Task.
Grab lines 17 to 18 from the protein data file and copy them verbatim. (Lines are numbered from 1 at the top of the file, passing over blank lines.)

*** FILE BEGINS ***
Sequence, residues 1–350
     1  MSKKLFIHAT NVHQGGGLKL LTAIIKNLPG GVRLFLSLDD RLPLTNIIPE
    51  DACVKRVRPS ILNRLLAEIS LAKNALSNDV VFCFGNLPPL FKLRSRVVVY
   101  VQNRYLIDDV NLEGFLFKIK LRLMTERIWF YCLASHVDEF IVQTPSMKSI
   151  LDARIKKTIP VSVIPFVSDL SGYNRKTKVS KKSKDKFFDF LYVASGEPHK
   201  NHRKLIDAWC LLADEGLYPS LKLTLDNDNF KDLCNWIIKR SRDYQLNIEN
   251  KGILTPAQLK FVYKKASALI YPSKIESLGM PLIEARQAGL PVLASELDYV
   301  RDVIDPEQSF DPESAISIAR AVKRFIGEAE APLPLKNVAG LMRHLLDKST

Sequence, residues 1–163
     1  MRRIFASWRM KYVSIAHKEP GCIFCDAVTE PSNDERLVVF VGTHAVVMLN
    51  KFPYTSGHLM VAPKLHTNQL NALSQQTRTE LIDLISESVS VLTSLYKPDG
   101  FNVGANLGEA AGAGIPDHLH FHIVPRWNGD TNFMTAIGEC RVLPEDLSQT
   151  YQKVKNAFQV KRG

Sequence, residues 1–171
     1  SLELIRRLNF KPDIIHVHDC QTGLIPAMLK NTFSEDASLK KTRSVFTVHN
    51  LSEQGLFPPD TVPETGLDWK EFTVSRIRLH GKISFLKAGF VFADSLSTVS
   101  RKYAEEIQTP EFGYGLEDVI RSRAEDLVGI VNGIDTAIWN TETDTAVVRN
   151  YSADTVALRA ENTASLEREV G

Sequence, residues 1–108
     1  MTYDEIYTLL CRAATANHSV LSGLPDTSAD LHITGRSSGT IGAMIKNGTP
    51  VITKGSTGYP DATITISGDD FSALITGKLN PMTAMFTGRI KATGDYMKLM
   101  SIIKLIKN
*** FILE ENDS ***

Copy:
   101  RKYAEEIQTP EFGYGLEDVI RSRAEDLVGI VNGIDTAIWN TETDTAVVRN
   151  YSADTVALRA ENTASLEREV G